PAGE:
Neon

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Anokhi Patel 2B
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Joined: Fri Aug 09, 2019 12:17 am

Neon

Postby Anokhi Patel 2B » Mon Oct 21, 2019 3:55 pm

When professor Lavelle was demonstrating isoelectronic atoms, through Na+, Mg2+, and F-, what was the significance of the element Neon?

Thank you

Esha Chawla 2E
Posts: 108
Joined: Thu Jul 25, 2019 12:17 am

Re: Neon

Postby Esha Chawla 2E » Mon Oct 21, 2019 3:56 pm

Anokhi Patel 4G wrote:When professor Lavelle was demonstrating isoelectronic atoms, through Na+, Mg2+, and F-, what was the significance of the element Neon?

Thank you


All of these ions were isoelectronic - they all had the same number of electrons. In this case, Na+, Mg2+, and F- all had the same number of electrons as the element Neon.

Ruby Richter 2L
Posts: 103
Joined: Thu Jul 25, 2019 12:17 am

Re: Neon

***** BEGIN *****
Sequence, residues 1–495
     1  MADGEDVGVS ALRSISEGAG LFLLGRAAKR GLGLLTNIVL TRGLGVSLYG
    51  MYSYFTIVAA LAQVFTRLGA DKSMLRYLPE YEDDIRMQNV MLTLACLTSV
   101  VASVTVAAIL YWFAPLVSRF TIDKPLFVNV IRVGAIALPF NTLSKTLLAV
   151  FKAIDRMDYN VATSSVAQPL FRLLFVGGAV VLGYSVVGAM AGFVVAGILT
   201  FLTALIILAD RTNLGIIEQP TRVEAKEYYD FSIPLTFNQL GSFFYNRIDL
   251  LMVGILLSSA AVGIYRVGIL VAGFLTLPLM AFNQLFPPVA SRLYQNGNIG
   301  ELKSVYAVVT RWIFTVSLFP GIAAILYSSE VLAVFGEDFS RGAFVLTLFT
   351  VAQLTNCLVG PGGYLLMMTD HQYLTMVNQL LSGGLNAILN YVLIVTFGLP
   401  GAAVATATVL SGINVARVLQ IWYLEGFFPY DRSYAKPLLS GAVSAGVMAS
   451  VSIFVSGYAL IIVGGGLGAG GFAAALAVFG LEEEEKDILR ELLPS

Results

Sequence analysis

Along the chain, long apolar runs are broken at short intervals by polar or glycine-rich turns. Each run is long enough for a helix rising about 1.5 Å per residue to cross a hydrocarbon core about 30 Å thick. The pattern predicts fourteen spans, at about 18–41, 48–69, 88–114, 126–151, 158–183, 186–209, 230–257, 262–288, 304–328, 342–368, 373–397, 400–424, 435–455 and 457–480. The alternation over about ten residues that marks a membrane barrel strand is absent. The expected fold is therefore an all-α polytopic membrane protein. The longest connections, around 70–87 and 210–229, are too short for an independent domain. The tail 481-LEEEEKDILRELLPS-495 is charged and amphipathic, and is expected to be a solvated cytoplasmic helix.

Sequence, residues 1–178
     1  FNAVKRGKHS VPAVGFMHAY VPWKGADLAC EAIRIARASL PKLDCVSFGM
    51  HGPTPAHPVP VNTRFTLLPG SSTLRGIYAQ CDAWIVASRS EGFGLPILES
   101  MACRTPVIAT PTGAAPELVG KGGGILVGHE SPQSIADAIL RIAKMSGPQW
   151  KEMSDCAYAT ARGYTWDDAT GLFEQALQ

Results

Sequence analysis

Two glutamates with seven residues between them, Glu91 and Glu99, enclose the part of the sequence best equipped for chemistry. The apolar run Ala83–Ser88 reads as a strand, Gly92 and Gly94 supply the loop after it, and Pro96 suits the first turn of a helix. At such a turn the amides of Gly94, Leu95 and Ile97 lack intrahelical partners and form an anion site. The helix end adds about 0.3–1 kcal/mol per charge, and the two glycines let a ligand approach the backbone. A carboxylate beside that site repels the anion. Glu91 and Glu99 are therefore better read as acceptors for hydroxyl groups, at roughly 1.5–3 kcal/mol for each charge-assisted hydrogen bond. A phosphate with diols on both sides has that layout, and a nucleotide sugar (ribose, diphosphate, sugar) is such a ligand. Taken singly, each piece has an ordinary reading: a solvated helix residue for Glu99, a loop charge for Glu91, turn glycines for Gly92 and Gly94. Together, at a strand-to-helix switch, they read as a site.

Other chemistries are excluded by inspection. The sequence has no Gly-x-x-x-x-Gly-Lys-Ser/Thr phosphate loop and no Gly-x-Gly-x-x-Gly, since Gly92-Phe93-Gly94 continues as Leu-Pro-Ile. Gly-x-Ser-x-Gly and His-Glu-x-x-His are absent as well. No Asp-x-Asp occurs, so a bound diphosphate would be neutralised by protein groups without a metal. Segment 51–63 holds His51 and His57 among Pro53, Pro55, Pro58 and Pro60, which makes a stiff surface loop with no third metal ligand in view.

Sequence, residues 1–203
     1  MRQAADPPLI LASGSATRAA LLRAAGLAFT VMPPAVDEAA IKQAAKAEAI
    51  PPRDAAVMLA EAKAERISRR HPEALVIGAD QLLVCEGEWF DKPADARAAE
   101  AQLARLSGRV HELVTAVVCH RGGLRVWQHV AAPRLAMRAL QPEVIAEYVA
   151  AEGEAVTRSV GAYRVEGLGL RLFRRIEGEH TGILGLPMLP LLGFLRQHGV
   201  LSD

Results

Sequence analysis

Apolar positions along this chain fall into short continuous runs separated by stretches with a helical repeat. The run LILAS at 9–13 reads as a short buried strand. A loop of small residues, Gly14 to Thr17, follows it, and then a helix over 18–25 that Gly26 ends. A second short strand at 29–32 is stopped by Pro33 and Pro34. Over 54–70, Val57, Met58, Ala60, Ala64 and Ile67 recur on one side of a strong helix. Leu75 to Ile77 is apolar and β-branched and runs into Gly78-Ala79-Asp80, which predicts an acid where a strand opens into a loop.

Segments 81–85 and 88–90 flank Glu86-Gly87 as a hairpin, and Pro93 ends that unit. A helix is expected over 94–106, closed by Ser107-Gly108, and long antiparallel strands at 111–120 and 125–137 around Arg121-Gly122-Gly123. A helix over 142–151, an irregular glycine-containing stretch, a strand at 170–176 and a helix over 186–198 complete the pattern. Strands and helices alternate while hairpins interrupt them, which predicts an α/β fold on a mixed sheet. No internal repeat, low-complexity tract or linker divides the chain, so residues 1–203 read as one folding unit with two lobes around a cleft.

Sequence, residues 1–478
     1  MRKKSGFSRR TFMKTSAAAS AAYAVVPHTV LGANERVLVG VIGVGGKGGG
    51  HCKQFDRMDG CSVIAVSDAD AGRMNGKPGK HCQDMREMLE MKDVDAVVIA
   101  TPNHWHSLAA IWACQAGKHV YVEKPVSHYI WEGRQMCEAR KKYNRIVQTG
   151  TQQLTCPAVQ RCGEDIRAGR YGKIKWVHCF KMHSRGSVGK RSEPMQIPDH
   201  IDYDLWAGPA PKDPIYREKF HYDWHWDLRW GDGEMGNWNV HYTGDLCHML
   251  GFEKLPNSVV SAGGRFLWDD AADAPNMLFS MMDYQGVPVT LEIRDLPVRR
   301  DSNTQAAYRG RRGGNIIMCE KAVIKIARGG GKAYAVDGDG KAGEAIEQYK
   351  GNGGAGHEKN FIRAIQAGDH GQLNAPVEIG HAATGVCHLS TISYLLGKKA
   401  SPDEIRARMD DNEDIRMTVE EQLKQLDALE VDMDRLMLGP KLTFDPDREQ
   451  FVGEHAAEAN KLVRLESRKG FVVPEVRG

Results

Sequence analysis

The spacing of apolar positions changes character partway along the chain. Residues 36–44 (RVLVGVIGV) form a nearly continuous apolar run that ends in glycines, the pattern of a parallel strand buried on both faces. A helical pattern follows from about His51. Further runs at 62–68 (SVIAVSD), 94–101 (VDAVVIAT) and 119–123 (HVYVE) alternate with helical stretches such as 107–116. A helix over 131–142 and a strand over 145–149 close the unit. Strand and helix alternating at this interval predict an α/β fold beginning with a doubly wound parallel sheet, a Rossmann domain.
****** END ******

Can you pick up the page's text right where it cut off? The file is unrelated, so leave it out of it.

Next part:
Postby Ruby Richter 2L » Mon Oct 21, 2019 4:05 pm

isoelectronic atoms have the same number of electrons. Na+, Mg2+, and F-, O2- and Ne all have 10 electrons which means they are isoelectronic, though they do not have the same chemical properties due to varying nuclear charges.

Jamie Lee 1F
Posts: 106
Joined: Fri Aug 09, 2019 12:16 am

Re: Neon

Postby Jamie Lee 1F » Mon Oct 21, 2019 4:13 pm

He could have used any element, not just Neon, as an example. Neon is a noble gas and has a full electron shell so it is stable without any charge. I think it was just easiest to show that the listed ions are isoelectronic with Neon because it is already stable. But you could say the same for Cl- and S2- for example.


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